New Zealand announces world first, “groundbreaking” move to ban ‘forever chemicals’ by 2026
From 2026, New Zealand is set to become the first country to ban the use of “forever chemicals” in cosmetics. The decision by the Environmental Protection Authority (EPA) comes as a measure to protect both people and the environment from perfluoroalkyl and polyfluoroalkyl substances (PFAS). These chemicals, also known as “forever chemicals” due to their indestructible nature, are commonly added to cosmetics to enhance their durability, spreadability, and water resistance.
There is a growing body of evidence linking PFAS to various health issues, including cancer, birth defects, and negative impacts on human and animal immune systems. PFAS have been detected in sources such as drinking water, sea foam, rainwater, and human blood. They can also be found in cosmetics like shaving cream and lipstick, as well as non-cosmetic products like Teflon pans and pizza boxes.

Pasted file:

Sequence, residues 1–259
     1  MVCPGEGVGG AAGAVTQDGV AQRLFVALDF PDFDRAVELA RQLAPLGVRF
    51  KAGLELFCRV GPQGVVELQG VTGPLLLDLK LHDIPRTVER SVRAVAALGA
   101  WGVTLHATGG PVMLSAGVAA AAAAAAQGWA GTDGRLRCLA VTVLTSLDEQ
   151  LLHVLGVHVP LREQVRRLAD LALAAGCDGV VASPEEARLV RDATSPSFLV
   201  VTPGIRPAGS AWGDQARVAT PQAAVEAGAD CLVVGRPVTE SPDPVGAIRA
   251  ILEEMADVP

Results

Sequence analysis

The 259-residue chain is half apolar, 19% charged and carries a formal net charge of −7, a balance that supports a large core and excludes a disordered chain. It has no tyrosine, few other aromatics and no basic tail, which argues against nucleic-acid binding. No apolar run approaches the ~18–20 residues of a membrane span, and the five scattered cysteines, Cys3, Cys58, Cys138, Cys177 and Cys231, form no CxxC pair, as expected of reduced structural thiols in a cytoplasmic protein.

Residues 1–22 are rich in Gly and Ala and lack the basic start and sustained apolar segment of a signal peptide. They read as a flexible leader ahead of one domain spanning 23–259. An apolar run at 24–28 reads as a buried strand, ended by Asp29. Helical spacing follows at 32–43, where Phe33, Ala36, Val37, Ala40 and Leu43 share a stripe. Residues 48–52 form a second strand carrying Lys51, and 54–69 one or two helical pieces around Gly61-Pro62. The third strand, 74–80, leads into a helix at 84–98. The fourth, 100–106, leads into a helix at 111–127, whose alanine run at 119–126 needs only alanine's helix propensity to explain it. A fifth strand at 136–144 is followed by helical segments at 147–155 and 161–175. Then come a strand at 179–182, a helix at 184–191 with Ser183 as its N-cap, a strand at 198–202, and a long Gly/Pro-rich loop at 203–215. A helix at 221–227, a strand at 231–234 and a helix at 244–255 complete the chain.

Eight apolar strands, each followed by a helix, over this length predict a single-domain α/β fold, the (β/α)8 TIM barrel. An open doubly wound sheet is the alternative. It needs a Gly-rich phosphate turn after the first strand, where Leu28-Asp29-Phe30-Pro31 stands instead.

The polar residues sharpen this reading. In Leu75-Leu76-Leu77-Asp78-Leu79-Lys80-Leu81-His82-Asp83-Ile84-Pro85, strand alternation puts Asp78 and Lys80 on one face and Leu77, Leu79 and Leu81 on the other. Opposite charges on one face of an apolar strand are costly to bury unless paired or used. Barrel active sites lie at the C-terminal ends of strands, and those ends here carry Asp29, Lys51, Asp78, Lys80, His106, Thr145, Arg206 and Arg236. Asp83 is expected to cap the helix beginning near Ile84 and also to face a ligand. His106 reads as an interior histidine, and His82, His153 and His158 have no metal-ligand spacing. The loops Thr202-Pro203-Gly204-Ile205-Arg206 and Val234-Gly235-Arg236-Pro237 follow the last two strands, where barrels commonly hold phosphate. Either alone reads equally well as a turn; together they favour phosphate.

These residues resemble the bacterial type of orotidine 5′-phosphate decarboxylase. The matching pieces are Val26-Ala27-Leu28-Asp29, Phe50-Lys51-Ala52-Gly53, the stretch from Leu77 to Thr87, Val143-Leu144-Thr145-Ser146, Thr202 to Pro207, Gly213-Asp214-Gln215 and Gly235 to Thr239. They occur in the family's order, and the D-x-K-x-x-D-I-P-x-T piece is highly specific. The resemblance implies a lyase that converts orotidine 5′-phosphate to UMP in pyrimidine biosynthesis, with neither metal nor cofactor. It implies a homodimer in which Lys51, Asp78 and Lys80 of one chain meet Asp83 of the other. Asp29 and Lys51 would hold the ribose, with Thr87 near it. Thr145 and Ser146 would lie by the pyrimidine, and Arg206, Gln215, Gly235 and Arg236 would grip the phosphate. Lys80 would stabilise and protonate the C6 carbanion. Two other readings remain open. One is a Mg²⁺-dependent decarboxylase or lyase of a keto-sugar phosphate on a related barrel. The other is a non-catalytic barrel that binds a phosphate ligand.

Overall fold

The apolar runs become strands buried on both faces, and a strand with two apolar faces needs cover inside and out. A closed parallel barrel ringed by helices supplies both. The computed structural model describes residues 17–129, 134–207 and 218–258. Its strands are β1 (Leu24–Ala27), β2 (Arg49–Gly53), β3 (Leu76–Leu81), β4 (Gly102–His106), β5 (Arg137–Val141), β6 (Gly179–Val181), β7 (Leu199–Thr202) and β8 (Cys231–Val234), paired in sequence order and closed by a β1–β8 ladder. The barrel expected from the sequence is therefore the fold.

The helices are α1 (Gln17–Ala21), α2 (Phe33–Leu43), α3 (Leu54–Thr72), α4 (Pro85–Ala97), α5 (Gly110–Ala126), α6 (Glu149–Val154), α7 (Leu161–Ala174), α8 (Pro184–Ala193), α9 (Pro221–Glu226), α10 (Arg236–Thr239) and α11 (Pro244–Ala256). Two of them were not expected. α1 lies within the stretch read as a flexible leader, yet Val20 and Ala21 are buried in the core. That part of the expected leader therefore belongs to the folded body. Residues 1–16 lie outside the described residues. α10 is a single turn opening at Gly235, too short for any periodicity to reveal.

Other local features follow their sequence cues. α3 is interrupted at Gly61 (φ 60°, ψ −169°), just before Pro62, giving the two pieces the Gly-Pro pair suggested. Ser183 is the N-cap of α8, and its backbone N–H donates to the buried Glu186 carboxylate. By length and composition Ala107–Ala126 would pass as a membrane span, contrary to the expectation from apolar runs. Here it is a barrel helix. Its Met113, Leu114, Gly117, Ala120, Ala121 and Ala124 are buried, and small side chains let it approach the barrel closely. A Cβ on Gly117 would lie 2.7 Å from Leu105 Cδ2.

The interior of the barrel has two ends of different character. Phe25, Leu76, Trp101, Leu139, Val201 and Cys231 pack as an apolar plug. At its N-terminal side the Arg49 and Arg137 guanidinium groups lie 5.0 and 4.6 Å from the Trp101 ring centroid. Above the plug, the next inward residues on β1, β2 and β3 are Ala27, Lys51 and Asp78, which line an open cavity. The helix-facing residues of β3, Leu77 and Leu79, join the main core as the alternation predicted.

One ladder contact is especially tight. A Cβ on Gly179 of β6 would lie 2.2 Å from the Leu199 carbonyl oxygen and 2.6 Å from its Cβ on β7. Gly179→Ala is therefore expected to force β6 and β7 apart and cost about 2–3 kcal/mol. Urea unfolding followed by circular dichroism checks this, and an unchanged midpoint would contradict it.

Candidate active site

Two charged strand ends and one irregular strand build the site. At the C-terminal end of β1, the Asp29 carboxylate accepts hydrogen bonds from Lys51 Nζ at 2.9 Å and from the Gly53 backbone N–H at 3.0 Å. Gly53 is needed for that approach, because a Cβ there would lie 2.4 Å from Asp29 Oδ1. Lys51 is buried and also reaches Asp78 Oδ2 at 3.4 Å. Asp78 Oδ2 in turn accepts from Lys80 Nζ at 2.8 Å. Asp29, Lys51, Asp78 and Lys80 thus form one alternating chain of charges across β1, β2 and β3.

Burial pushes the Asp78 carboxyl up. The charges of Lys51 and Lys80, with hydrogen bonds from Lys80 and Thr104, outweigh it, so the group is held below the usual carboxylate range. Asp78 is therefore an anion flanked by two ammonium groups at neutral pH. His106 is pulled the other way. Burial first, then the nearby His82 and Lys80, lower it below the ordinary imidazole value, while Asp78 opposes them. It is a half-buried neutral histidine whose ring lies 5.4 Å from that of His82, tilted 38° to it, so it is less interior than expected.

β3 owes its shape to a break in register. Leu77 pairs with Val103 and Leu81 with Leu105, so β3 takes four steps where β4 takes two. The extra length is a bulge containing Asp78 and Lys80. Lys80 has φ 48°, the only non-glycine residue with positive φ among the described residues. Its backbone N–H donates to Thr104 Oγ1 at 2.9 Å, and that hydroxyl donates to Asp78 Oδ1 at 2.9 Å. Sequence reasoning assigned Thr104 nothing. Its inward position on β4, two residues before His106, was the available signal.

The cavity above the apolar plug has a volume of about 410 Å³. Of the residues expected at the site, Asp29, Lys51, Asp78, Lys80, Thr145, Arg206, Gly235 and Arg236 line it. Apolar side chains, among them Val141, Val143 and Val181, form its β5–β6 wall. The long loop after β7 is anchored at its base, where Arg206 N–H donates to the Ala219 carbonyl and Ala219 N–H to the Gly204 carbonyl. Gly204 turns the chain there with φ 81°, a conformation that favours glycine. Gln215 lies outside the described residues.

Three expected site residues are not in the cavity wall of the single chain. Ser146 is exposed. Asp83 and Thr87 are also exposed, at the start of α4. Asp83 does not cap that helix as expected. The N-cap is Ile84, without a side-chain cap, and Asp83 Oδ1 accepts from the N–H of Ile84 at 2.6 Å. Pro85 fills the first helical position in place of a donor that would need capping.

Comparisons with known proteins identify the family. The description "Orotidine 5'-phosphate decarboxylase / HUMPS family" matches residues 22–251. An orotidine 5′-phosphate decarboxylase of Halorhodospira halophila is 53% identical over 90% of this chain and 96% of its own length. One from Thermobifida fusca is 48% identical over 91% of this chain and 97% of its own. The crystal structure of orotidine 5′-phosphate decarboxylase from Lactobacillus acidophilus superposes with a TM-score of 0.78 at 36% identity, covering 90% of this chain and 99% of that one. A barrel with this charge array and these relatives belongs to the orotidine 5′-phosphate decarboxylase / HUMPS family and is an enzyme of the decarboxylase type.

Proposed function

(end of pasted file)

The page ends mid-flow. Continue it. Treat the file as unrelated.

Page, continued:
The EPA’s decision to ban PFAS in cosmetics is a precautionary measure, considering the potential risks associated with these chemicals. The ban is part of a broader approach to protect against PFAS, which includes testing for background levels of PFAS in the environment and phasing out PFAS-containing firefighting foams.
Dr. Shaun Presow, the EPA’s hazardous substances reassessment manager, emphasised the persistent nature of PFAS and their potential toxicity at high levels. The EPA conducted a public consultation in 2023, receiving 20 submissions on the proposed rule changes, including 14 from the cosmetics industry. The EPA plans to collaborate with the industry to manage the transition before the ban takes effect.
While several US states have already proposed legislation to regulate or ban PFAS, with California being the first major jurisdiction to ban all PFAS in cosmetics in 2022, New Zealand’s move is considered groundbreaking. The European Union is also working on a broader ban of these chemicals.
The new regulation could have significant implications for importers and manufacturers of cosmetics in New Zealand, as around 90 percent of cosmetics in the country are imported. Prof. Allan Blackman from Auckland University of Technology’s school of science pointed out the potential compliance requirements and the possibility of certain products disappearing from shelves after 2027. Additionally, the ban on PFAS in cosmetics raises questions about other sources of PFAS, such as non-stick cookware and waterproof fabrics.
The ban will go into effect on December 31, 2026, prohibiting the import, manufacture, and sale of cosmetic products containing PFAS in New Zealand.